Do you remember the scene from Ferris Bueller’s Day Off  when Ferris wants Cameron to come pick him up? Cameron was in bed, sick and miserable. Ferris persists until we see Cameron in the driver’s seat, furiously arguing with himself. He starts the car. Revs it up. Yells. Shuts it off. Gets out. Kicks rocks. But somehow, Cameron overcomes his own resistance, scoops up not only Ferris but his girlfriend and embarks on what turned out to be the best day of his life.

We’ve each had that feeling, the massive ‘weight of life’ that’s too much to throw off. The effects of the divorce process can be like that. Our inability to extricate ourselves from lying in the cocoon of self pity. We’ve each been through something so overwhelmingly traumatic that a trip down the hall seems like a cross-country journey. Building a summer home in Atlantis would be a simpler task than functioning during this divorce. As counter-intuitive as it may seem, getting out of our own head and back among the living will ultimately save us from the divorce process.

I’ve been doing a great deal of volunteer work lately, which got me to thinking about the therapeutic payoff of putting others before ourselves. When we put others first, especially those seemingly less fortunate, the exchange is anything but one-sided.  We receive unexpected gifts in exchange for our service, be it a shy smile, a look of gratitude, a shift in thinking or maybe just a short respite from our own preoccupations. It’s far more intuitive to give of ourselves when we feel great and have a surplus of resources, but what about when we feel depleted?  What if we took a moment to put others before ourselves when we felt like we had nothing to give and no means by which to give it?

But how in the hell am I supposed to do that when I can barely drag myself out of bed? 

I don’t know. I haven’t figured it all out yet, honestly, but I think I’m onto something. 

Consider the last time you had your heart broken. Not the garden-variety breakup, where you mutually decide over a sensible, egg-white omelet that separation is for the best. No, the kind of breakup where losing her was like losing a front tooth to a suckerpunch. Sudden. Brutal. A gaping loss. It was to be ages before the swelling went down and longer before you smiled again. When she left, she took with her your ability to breathe. Grief paralyzed you under an agonizing, suffocating blanket of pain. If you didn’t take drastic action, your tombstone would’ve read “Here lies John – who succumbed to Heartbreak’s Caldron of Fire”.

That kind of heartbreak.

Now picture this. Squinting against the hot sun, you wipe your brow with the corner of your softest t-shirt. Like rings on an oak tree, bits of sawdust and dried sweat date back to well before lunch.  Unfazed by your own disheveled appearance, your eyes examine your work. Bending to retrieve your hammer, the ache in your back brings a smile to your lips. It’s a  pleasant reminder that you’re alive.  Breathing. Despite the pain, or perhaps because of it, you realize you actually feel pretty damn good. All the way down to your core. With the posture of someone on a mission, you slowly straighten up and adjust your tool belt, smiling all the while. A family in need is waiting to move into this house and these nails aren’t going to set themselves.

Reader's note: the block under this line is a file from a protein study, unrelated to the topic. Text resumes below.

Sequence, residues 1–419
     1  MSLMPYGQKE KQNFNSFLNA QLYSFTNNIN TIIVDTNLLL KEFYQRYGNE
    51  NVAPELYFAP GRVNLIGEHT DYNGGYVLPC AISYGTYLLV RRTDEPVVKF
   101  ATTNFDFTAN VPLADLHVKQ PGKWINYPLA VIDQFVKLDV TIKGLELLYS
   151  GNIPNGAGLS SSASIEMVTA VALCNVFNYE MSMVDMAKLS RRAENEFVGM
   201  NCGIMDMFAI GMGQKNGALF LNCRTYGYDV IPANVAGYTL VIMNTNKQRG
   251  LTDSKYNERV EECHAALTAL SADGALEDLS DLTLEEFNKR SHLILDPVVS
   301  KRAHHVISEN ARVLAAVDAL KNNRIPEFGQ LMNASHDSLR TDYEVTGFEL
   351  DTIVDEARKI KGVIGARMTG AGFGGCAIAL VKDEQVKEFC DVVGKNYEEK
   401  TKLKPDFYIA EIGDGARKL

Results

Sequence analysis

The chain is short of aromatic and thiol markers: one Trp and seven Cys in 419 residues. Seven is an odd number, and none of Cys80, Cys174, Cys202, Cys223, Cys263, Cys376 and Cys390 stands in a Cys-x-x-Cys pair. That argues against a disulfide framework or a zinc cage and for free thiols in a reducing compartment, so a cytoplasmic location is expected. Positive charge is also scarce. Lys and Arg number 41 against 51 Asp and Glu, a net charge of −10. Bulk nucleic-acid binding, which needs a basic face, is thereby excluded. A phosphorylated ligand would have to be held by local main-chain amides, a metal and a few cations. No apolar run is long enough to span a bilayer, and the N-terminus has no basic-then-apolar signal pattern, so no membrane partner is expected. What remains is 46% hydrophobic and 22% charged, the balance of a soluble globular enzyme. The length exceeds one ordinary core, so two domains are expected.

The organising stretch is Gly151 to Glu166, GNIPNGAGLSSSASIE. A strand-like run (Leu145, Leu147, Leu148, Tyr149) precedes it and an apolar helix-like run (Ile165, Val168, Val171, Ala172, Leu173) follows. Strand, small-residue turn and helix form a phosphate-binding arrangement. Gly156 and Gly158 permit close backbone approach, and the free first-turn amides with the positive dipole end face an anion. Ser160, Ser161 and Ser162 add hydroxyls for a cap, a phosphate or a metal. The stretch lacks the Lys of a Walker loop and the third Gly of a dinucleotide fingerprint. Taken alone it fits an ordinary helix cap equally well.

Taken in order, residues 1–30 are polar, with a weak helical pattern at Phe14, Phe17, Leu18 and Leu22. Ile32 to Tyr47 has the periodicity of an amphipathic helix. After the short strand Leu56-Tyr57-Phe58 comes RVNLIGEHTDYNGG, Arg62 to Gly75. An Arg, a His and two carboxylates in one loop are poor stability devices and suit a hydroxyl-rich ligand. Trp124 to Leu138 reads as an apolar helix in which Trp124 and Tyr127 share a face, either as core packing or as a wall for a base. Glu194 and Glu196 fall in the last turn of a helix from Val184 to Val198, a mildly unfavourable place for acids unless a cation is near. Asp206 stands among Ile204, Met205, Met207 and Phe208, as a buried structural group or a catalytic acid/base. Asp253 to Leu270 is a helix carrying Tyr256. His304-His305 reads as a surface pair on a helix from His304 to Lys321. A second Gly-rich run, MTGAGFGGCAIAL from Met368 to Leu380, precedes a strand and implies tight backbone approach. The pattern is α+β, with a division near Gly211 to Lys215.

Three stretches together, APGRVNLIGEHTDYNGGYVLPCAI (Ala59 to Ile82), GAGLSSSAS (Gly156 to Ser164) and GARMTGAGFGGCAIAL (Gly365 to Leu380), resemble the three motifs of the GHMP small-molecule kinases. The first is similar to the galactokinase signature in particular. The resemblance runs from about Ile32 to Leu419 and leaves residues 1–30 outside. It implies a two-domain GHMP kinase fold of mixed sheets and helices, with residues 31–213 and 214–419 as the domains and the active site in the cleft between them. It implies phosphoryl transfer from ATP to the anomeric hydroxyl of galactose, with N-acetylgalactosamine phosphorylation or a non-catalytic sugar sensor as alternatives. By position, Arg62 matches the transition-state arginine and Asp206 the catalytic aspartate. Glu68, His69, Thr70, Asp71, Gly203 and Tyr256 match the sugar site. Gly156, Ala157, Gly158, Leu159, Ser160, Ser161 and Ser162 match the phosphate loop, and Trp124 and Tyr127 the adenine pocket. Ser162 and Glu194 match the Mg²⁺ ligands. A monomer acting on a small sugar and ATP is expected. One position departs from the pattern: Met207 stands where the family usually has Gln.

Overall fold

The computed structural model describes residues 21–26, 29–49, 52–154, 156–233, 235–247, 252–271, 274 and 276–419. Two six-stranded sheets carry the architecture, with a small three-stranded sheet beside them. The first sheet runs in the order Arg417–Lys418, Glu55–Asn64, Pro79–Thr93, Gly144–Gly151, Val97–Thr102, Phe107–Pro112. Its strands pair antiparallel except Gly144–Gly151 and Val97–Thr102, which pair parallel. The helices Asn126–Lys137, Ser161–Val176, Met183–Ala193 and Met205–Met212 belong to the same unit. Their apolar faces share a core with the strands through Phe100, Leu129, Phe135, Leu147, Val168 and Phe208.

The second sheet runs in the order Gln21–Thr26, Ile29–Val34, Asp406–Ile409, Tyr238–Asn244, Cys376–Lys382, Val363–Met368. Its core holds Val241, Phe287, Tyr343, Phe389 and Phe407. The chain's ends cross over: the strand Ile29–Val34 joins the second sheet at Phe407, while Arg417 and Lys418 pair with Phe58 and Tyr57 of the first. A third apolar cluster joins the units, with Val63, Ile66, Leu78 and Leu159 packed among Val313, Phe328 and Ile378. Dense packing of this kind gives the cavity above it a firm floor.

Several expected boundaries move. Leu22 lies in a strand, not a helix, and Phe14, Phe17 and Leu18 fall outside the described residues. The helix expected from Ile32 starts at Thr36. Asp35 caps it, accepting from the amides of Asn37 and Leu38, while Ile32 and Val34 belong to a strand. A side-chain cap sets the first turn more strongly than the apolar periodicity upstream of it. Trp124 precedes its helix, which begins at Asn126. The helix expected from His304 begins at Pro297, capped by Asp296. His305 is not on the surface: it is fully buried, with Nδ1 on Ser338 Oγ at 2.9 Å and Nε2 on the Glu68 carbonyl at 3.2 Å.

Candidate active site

But how in the hell am I supposed to do that when I can barely drag myself out of bed? 

I don’t know. I haven’t figured it all out yet, honestly. But I think I’m onto something. 

Or picture this.

Sunlight pours in through the window across the room. The underbelly of green leaves flutter in the trees like minnows swimming in the breeze. The man at your side holds up a drawing. His hand shakes and his speech is affected. With a reassuring smile and the full attention of the room, he describes his drawing. Him, before the accident. He points to thick lines and blunt circles. You’re impressed by his use of color. The passion with which he speaks. His struggle to articulate the line of demarcation between the life he knew and the life he now lives. The tight circle of kindred souls, battered but not broken, bursts into applause. Nurses wheel the artists out, one by one. Given a brief reprieve from the quicksand of your own life you return the art supplies to their rightful place.

But how in the hell am I supposed to do that when I can barely drag myself out of bed? 

I don’t know. I haven’t figured it all out yet, honestly. But I think I’m onto something. 

The next time the emotional weight of life feels too much to bear, try volunteering as a means by which to resuscitate your spirit. Yes, you may feel incapacitated, but physical labor for those in need does both the mind and the body inexplicable good. Yes, you may be emotionally battered and bruised but lessons on perspective, respect and the indomitable human spirit are given daily. Yes, you may feel as though your own emotional tank is empty, but we always have a little more to give. You are far more capable and richer in time and talent than you thought. By being of service to others, your willingness to show up and roll up your sleeves is the only cost of admission.

When your Ferris calls, answer.  Get your butt in the car, get over there and pick him up before he finds a new best friend.  Go give of yourself. You’re not dying because of this divorce, you really just can’t think of anything good to do!

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